Developing and Evaluating Teacher Effectiveness at Colorado State University
An international conversation around an increased focus on high-quality teaching at R1 institutions has been gaining momentum for several years. A recent shift in the conversation, focused on identifying fair and valid measures to evaluate effective teaching, continues to grow. On the one hand, individual departments and colleges look to their institutions’ teaching and learning centers for guidance in matters of pedagogy. On the other, university policies for compensation and promotion often complicate the construction of a university-wide process for developing, evaluating, and compensating high-quality teaching. Colorado State University (CSU) faced this challenge head-on through two initiatives: the faculty-led Evaluating Teaching Effectiveness Task Force in 2015 and the effort of our team from The Institute for Learning and Teaching (TILT) in 2018. The task force was instrumental in changing the CSU Faculty Manual code, requiring departments to define effective teaching and assess it using as evidence multiple measures instead of a single average score from student evaluations. To support departments, TILT constructed a definition of effective teaching, which led to the creation of a collection of tools (the Teaching Effectiveness Framework) and a recommended process for developing and evaluating teaching at CSU.
The teaching effectiveness framework
Seven essential, interrelated domains of effective teaching practices, each grounded in the scholarship of teaching and learning, create the foundation for the Teaching Effectiveness Framework (Figure 1). The framework includes leveled criteria within each domain, a goal-setting process, a collection of teaching practices to improve student learning, and materials to measure growth in teaching effectiveness. Recently added as an essential component in the annual review process at CSU, the framework allows instructors to reflect on their teaching practice and identify areas of strength and challenge, while providing administration a process to support and evaluate this growth.
Designed to support faculty as they grow their teaching practice, the framework provides much-needed guidance during the Process for Developing and Evaluating Teaching Effectiveness at a Glance seen in Figure 1. The process recommends that faculty set a personal teaching goal for the academic year, align the goal with a domain on the framework, plan professional learning, triangulate evidence by identifying three measurement tools to demonstrate goal achievement, integrate practices into their teaching, and reflect on progress and student success. We recommend basing evaluation on goal achievement and teaching growth rather than student opinions of the instructor or one-time peer observations and evaluations.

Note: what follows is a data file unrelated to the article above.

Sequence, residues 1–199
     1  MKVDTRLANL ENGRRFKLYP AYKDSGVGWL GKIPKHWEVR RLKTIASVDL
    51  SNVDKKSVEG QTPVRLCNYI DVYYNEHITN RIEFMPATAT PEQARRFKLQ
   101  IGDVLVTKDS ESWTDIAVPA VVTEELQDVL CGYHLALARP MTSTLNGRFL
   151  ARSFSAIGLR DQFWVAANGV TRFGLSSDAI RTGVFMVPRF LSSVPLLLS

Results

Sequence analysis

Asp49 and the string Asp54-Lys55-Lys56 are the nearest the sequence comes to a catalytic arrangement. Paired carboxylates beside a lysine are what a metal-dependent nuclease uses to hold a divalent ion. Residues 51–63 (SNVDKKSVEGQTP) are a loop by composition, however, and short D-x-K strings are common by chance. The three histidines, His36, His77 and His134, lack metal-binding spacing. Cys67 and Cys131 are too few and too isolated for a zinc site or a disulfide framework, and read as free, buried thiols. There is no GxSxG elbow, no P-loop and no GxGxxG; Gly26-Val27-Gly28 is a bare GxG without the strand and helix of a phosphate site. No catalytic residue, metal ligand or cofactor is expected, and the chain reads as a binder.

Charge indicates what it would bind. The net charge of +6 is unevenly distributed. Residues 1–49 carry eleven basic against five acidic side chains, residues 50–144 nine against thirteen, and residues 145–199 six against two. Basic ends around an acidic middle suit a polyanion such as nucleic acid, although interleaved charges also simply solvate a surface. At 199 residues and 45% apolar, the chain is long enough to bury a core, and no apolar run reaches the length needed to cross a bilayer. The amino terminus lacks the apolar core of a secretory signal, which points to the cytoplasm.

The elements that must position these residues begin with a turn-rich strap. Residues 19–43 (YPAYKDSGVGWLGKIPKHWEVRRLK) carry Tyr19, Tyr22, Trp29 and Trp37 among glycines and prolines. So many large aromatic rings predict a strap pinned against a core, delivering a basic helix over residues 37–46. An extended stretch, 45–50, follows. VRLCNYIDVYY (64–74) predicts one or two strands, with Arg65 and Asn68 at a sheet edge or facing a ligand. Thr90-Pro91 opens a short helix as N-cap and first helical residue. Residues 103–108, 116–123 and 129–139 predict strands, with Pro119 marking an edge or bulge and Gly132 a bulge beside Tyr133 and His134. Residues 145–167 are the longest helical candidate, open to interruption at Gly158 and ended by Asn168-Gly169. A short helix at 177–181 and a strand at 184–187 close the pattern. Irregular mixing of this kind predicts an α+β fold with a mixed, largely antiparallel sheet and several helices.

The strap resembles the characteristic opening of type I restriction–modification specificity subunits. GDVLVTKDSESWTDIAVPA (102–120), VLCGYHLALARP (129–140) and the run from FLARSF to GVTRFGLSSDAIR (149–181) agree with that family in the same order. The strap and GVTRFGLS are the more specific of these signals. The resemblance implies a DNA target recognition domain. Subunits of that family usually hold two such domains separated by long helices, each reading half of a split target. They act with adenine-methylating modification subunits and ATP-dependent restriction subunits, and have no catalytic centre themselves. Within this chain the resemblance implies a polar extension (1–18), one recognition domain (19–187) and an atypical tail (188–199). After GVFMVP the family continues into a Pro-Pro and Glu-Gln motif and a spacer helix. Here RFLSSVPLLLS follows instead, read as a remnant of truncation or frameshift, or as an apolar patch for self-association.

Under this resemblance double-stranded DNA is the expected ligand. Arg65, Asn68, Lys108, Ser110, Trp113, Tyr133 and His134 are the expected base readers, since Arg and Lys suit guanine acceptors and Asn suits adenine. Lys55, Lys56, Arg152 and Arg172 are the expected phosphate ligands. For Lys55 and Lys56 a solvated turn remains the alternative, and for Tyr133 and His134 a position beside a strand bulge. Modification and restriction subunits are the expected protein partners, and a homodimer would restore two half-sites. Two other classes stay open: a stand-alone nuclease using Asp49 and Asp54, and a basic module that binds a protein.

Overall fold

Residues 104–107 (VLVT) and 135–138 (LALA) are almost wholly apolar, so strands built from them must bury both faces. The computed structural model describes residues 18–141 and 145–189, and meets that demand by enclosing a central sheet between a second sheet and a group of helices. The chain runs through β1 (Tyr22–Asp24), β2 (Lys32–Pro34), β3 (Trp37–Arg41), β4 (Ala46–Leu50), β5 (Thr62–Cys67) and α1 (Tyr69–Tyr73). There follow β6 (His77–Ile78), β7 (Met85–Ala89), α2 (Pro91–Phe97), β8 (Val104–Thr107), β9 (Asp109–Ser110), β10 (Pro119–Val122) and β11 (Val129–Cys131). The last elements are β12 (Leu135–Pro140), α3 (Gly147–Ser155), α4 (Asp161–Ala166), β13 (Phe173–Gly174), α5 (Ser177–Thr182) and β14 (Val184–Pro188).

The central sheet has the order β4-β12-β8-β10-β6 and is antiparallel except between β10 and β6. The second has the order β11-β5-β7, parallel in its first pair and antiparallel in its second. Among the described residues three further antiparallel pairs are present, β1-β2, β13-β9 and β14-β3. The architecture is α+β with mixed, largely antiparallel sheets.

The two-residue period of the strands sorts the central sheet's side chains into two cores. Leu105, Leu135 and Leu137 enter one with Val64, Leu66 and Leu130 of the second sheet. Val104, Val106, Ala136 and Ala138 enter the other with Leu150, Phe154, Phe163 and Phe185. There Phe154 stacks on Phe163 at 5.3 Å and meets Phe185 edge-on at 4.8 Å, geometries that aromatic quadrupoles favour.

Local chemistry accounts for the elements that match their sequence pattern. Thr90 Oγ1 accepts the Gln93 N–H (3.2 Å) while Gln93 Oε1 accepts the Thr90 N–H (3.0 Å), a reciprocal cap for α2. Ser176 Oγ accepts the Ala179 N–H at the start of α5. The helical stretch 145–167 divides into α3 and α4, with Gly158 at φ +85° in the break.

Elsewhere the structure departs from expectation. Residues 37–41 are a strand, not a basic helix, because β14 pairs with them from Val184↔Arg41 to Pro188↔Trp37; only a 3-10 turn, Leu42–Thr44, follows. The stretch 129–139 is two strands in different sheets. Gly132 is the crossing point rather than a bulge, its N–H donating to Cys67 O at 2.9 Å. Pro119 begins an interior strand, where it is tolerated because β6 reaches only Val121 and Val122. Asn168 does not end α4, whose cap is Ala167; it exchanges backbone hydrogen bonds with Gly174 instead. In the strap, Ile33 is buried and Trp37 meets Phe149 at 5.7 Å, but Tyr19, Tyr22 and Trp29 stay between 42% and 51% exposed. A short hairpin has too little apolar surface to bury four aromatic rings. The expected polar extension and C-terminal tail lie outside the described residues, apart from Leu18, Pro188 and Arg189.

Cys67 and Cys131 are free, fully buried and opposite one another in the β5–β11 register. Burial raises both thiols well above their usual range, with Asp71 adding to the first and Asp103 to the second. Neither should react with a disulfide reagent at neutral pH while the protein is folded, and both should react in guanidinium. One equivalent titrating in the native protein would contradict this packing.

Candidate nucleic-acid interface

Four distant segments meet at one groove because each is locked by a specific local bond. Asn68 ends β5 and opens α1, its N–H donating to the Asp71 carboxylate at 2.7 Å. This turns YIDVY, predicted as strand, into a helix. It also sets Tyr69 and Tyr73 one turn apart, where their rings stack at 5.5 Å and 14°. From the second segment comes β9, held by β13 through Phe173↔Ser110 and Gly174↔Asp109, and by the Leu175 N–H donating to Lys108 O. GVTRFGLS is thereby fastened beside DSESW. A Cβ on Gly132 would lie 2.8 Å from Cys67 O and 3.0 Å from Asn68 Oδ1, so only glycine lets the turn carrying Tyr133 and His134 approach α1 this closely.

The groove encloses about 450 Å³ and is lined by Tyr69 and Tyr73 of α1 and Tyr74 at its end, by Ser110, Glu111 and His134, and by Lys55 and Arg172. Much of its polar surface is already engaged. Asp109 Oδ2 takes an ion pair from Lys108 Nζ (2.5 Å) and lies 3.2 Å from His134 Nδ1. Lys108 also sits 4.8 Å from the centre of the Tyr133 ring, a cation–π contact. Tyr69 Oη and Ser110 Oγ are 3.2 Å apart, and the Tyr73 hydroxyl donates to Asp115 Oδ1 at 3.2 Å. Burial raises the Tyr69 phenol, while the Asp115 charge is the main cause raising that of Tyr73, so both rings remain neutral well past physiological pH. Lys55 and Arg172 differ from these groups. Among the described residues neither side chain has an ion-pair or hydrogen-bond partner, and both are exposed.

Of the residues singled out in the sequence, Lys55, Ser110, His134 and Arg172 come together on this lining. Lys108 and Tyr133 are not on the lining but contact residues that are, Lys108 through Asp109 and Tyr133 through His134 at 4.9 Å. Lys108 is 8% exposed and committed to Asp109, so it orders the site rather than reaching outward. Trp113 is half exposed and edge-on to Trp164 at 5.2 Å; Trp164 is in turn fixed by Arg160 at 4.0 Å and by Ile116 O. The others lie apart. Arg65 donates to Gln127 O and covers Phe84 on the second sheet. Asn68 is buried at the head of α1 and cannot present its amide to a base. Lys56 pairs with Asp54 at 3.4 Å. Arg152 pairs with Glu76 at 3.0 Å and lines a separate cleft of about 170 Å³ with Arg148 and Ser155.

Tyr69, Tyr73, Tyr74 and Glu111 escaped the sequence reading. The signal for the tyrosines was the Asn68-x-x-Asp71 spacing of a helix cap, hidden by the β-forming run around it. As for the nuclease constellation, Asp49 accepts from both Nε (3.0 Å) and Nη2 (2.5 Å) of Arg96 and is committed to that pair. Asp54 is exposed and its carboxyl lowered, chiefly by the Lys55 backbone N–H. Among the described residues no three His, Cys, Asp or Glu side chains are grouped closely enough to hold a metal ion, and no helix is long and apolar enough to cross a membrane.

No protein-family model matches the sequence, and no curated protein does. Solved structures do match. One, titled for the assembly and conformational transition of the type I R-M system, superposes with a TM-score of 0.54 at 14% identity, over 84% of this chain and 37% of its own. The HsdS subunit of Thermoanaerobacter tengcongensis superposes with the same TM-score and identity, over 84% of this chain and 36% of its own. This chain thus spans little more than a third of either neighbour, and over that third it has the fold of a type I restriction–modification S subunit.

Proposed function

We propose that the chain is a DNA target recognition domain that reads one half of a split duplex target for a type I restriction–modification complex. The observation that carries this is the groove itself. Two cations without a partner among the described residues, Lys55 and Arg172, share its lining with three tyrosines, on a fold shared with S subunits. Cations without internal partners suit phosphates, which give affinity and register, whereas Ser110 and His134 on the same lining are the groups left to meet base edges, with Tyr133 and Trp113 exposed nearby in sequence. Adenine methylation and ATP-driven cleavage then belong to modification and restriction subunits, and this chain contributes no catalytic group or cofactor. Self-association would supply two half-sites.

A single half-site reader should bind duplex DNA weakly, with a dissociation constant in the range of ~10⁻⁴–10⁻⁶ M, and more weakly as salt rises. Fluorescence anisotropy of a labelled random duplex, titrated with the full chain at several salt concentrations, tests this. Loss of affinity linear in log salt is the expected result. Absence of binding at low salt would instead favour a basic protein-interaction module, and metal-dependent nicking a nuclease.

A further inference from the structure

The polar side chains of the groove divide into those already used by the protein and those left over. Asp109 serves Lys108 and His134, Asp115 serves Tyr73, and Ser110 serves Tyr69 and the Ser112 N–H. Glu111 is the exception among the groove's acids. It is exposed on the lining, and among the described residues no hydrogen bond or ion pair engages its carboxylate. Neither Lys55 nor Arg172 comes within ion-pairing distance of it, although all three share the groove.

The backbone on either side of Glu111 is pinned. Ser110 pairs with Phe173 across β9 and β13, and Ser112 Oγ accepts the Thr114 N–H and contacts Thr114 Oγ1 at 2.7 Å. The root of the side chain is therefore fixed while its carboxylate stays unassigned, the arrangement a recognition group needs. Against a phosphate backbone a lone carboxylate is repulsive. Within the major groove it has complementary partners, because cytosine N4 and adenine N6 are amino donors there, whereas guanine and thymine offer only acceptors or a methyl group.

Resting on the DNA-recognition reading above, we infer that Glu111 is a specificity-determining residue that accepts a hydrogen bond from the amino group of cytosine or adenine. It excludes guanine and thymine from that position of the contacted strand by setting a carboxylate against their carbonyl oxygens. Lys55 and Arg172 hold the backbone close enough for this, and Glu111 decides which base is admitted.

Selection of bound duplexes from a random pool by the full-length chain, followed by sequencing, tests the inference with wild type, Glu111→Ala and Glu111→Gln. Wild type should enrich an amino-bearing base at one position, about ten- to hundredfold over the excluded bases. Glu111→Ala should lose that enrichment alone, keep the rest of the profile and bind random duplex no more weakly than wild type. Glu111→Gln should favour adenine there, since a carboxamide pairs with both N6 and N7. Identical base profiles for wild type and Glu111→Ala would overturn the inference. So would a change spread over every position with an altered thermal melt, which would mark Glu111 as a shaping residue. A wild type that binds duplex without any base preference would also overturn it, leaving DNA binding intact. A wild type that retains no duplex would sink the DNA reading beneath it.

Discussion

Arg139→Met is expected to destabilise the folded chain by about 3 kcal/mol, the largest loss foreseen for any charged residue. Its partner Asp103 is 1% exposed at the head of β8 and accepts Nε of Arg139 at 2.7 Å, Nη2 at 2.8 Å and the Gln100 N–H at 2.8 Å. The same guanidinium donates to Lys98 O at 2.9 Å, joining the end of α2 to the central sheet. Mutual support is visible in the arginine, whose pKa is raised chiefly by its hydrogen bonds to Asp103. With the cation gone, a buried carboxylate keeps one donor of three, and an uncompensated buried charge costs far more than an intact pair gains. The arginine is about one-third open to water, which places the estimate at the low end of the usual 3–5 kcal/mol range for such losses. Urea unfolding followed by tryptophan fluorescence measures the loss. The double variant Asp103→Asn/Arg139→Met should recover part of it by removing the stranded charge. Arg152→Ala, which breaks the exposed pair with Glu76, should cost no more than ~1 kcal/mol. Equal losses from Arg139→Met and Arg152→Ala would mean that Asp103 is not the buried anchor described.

Figure 1. Colorado State University Teaching Effectiveness Framework
For years, TILT has provided a substantial number of professional development opportunities on teaching and learning. Without redesigning all our seminars and workshops, we aligned each learning experience with a primary and secondary domain on the framework. Throughout the year, interested faculty seek out and attend sessions that align with the domain of their annual goal. In spring 2018, TILT launched Teaching Squares, a nonevaluative, growth-based peer observation program grounded in the framework. In Teaching Squares, a group of four faculty agree to observe each other throughout the semester. Participants choose a domain focus, set a personal teaching goal, and then observe others to give feedback and reflect on their own practice. Additionally, the TILT website provides best practices and supporting research for each domain so that faculty can pursue development on their own. The alignment of the seven domains with professional development opportunities and our website content streamlines the growth process for busy faculty.
Gaining buy-in: Cultural change to elevate the conversation around teaching
We shared our initial thinking and early drafts of the framework with several stakeholders—the vice provost for faculty affairs, the committee on teaching and learning, the committee for non–tenure-track faculty, department heads and executive committees, and many faculty—and asked for input and recommendations so that departments might adopt this new definition of teaching effectiveness and process for improvement. Gaining support from such groups has been instrumental in our success thus far. Our eventual rollout of the Teaching Effectiveness Framework to a larger audience provided our team with input and encouragement from faculty to continue to develop the framework and goal-setting process. Since its inception, the framework has been well received by faculty and administrative focus groups who appreciate the focus on research-based teaching and a process for growth.
Once we shared the framework with several hundred faculty and campus administrators, we realized its potential to elevate the conversation around teaching at CSU, which not only validated but also placed high value on our work. This new process provides faculty and administrators with a common language to talk about teaching as well as a common experience in which to reflect, assess, learn, and integrate new knowledge and skills into their teaching.
In our previous experience supporting faculty, when instructors planned a class or worked to improve their teaching, they often limited their focus to only adding instructional strategies to their classrooms. The framework assigns equal importance across all seven domains. As we introduced these domains to faculty, many admitted they had never considered classroom climate, student motivation, or inclusive pedagogy as a focus to improve their teaching effectiveness. They might have wanted or hoped for a classroom that felt collaborative and supportive but did not have the knowledge or resources to make that happen. The framework intentionally calls out each of the seven domains as being independently important while acknowledging significant interdependence among them. Ultimately, if faculty focus on one domain, they are more likely to see improvements in other domains as well.